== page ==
My previous blog discussed the revolution that is currently taking place with more and more IT organizations making the move from using magnetic tape to using private cloud for long-term data retention and Disaster Recovery.
Moving from tape to cloud doesn’t mean you can just roll out the old tape library and replace the capacity with some private cloud and you’re done. Replacing tape with cloud is not difficult, but backup administrators need a plan to ensure minimal business disruption while maintaining data protection and achieving the best results.
The benefits of using disk-based private cloud for long-term retention are appealing, but moving from tape to cloud takes planning. These five tips will help make your transition from tape to cloud a lot easier.
1. Review your current data protection policies.
Backup may be one of the least glamorous jobs in IT, but it is no doubt one of the most critical and there are important policies and procedures that must defined and accurate. If you’re planning to move from tape to cloud, take this opportunity to review your current policies and procedures to identify inefficiencies and security vulnerabilities. Use this transition as an audit opportunity to improve the overall backup process, making sure to include critical tasks, but eliminating waste and security risks. In other words, use tape replacement as a catalyst to make manual processes more efficient and secure. This not only will help with the transition, it will also save your company money as well.
2. Do some “spring cleaning” of your tape inventory.
Tape storage facilities often look like a hoarder’s basement with dusty boxes of tapes that haven’t been touched for years or piles of unlabeled tapes because no one wants to take the time to check if the tapes are still good or if the data is still useful. It isn’t a fun job, but it has to be done, so use this project as an excuse to stop procrastinating and get it done.
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3. Review your backup jobs.
Systems add more capacity, data gets moved or duplicated and projects are created or abandoned all the time. And often, the IT department is not notified of these changes. IT organizations need to periodically review their backup and replication jobs to ensure they are still protecting data that needs to be protected and not wasting time on data that is no longer needed. The problem is that most shops rarely have time to undertake this project or put such a low priority on it that it never gets done. Backup process cleanup may seem mundane, but it’s a necessary task that needs to be done periodically. It is also a part of the foundation of information lifecycle management, so you’ll get multiple benefits as a result of your efforts.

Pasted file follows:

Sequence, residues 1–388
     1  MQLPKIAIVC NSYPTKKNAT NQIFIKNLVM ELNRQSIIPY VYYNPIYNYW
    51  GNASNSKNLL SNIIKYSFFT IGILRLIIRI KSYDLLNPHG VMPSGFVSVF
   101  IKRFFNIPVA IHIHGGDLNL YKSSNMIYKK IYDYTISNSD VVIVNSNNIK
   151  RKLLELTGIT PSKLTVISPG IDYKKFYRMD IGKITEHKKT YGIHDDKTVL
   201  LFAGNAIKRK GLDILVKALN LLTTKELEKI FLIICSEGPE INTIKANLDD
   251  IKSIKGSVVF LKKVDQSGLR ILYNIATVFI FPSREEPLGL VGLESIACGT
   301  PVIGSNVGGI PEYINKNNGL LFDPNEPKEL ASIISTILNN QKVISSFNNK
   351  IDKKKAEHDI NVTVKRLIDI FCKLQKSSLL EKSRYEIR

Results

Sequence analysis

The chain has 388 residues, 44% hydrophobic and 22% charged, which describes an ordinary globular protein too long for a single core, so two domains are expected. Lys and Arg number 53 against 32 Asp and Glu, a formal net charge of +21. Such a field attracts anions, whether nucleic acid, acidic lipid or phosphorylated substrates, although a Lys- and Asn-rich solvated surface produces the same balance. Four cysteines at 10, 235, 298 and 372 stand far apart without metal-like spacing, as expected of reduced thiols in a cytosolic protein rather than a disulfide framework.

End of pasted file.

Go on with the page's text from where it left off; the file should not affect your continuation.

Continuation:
4. Coordinate with your networking team.
A major benefit of transitioning from tape to cloud is that the process of loading tapes into boxes and physically trucking them to an offsite location gets replaced with the electronic replication of backup data to an offsite location. This will have a significant impact on the network bandwidth required for moving terabytes of information. Backup Administrators must communicate these needs to their networking counterparts so they can plan accordingly. The networking folks are probably thinking about IP-based services like telephony, Web services applications and multimedia, so they’ll need to include backup data requirements in their plans for 10Gb Ethernet backbones, WAN architectures and ISP contracts.
5. Notify your security group.
Most backup administrators are novices when it comes to security, so remember that more online storage can mean more and/or different security risks. Get security managers involved in the tape replacement project to ensure that backup servers and private cloud storage devices are protected with the appropriate vulnerability scans, encryption and access controls, and that they’re included in security policies, procedures and operations.
Moving from tape to cloud. Proceed cautiously, but proceed!
Moving from tape to cloud will certainly help improve backup performance, data protection and operating overhead, but there’s still work to be done. Replacing tape with private cloud also presents a wonderful opportunity to review processes and procedures to eliminate waste. This transition should also be supported by data cleanup, network improvements and the appropriate security protection.
Data is an organization’s most vital asset. Your object-storage private cloud will deliver extreme reliability and help protect your data. Higher and predictable performance for recovery means you can deliver on your SLA’s and you can also leverage your historic data for discovery, analytics and insights while keeping costs at bay. With the price of some object storage systems being in the same range as tape, now is the time to change. Managers who plan carefully and make the move from tape to private cloud now will get the biggest bang for their buck.
- Blog: Why it’s time to bring Disaster Recovery into the cloud
- Solution Brief: The Power of Cloud at the Cost of Tape
- Video: Why Object Storage for Every Business
Private Cloud at the Cost of Tape
By combining our heritage of innovation as the company that first introduced the hard disk drive with modern technologies such as deduplication, we make it affordable for IT organizations to transition to cloud and finally get rid of tape. Learn about our ActiveScale™ family of products.